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Press Release
Delinquent Loans Seriously Outpacing Foreclosure Mitigation Efforts, Says State Foreclosure Prevention Working Group
Six of Ten Delinquent Borrowers are not Involved in Loss-Mitigation Process

January 20, 2010

New York N.Y.: Richard H. Neiman, Superintendent of Banks for New York State, as part of the State Foreclosure Prevention Working Group, called for stepped-up foreclosure prevention efforts to help stem the rising tide of delinquent loans and foreclosures.

The new Report of the State Working Group, a collection of state attorneys general and banking regulators,  notes that six out of ten seriously delinquent borrowers are not even involved in loss-mitigation efforts – and that borrowers who are involved in loss-mitigation and foreclosure prevention face a process that is seriously backlogged. [Go to Report.]

In a national news conference call on Wednesday, led by Iowa Attorney General Tom Miller, a leader of the State Foreclosure Prevention Working Group, stated that despite commendable federal and state efforts, foreclosures are still a serious issue.

Superintendent Neiman, who joined Miller on the call along with Mark Pearce, North Carolina Chief Deputy Commissioner of Banks, pointed out particular concerns with the Treasury Department’s Home Affordable Modification Program (HAMP).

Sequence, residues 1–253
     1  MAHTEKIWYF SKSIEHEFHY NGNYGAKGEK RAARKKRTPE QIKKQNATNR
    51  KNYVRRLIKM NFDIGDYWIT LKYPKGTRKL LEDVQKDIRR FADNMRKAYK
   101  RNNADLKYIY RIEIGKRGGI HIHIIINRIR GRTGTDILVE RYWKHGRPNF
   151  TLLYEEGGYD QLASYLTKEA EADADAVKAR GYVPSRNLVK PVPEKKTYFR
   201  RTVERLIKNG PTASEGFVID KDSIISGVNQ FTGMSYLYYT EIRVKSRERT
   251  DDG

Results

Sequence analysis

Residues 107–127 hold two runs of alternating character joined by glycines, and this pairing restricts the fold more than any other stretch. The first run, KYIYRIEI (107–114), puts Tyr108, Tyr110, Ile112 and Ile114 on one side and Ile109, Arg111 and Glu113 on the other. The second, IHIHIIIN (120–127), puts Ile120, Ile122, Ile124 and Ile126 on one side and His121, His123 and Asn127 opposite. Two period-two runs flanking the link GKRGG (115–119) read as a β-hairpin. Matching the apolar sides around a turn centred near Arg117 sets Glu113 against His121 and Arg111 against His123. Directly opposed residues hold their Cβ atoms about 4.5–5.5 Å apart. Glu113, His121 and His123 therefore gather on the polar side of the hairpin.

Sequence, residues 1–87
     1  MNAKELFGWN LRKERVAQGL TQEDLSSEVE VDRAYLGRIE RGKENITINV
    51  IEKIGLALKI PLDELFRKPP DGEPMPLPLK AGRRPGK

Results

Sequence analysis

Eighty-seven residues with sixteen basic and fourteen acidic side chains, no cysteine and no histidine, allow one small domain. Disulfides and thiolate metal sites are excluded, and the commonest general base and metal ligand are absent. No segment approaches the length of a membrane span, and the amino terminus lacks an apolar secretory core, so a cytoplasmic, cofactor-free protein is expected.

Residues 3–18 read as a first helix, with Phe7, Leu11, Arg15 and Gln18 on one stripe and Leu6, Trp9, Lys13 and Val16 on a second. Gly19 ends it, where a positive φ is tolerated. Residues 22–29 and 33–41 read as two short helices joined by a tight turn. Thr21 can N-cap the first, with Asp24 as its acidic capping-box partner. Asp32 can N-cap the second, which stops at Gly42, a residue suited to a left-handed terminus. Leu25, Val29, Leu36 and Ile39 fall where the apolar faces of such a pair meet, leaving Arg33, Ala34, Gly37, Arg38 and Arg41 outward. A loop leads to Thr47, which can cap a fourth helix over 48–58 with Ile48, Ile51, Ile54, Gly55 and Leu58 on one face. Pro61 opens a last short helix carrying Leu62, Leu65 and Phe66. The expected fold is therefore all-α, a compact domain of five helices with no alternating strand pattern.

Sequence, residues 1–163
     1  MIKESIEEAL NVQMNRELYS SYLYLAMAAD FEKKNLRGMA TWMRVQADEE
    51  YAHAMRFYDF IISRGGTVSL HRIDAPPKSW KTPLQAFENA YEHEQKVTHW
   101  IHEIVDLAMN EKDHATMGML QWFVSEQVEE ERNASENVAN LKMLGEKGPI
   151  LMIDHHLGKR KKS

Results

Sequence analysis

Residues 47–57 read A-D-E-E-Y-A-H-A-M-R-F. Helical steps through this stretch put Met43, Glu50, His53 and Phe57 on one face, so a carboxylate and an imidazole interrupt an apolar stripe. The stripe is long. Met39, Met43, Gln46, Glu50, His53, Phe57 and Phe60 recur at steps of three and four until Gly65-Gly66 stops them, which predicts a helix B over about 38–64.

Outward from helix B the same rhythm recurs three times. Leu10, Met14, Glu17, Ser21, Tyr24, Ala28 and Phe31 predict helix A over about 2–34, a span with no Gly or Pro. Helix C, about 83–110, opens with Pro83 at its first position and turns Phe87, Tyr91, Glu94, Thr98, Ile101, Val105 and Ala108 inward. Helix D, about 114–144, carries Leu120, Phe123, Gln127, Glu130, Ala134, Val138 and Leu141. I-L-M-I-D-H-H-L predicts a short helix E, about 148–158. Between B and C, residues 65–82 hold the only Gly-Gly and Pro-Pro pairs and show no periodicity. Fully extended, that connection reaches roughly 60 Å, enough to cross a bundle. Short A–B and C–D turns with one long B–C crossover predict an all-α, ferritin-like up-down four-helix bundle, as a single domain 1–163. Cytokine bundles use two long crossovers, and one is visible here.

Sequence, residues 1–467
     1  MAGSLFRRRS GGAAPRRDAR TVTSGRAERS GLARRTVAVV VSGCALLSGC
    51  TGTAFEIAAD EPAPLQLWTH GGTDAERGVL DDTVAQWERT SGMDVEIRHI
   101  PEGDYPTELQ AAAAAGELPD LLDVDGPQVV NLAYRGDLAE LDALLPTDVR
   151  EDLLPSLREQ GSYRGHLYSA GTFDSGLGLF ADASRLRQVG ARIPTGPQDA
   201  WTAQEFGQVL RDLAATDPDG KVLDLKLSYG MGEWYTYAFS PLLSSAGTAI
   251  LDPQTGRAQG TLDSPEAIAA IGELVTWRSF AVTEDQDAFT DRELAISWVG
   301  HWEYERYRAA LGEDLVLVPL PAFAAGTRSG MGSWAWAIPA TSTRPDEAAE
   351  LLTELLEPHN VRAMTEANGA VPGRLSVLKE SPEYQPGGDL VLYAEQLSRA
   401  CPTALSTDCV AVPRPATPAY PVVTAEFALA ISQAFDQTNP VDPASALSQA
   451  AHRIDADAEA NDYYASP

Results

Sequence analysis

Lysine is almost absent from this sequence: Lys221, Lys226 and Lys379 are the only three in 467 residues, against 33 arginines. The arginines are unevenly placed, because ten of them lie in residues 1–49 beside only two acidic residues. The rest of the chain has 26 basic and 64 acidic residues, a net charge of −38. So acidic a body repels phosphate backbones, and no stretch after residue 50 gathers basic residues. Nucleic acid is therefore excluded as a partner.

“About 450,000 homeowners currently have HAMP trial modifications and have demonstrated a willingness and ability to make timely payments for at least 3 months. Now unfortunately and very alarmingly, these same homeowners face the prospect of foreclosure this January 31st, strictly on account of documentation issues,” said Neiman.

“As we recommend in our report, I believe Treasury must streamline the paperwork process, by eliminating redundant document requirements and allowing servicers more flexibility to accept alternative documents where appropriate,” continued Neiman.

The State Foreclosure Prevention Working Group, which consists of  12 state attorneys general (AZ, CA, CO, FL, IL, IA, MA, NV, NC, OH, TX, WA), bank regulators for NY, NC, and MD, and the

Conference of State Bank Supervisors, was founded in 2007 and has issued three prior reports (all four reports can be found at

Superintendent Neiman urged New York State residents at risk of foreclosure to contact the Banking Department at 1-877-BANK-NYS (226-5697) or visit for information on non-profit housing counselors in their area.

Findings of the Working Group Report include (excerpts):

  • Six of ten seriously delinquent borrowers are not even involved in loss-mitigation efforts. The total number of struggling homeowners not on track for any foreclosure prevention assistance continues to grow. HAMP has helped slow down the foreclosure crisis, but current efforts have been insufficient to get ahead of the foreclosure problem.
  • Both loss mitigation and foreclosure efforts appear to be backlogged. The average time to complete a loan modification for some servicers is over six months.
  • Most modifications result in payment reductions, but principal reductions remain rare. Given the correlation between negative equity and likelihood of default, the failure to write down principal in connection with loan modifications is a glaring flaw in current efforts.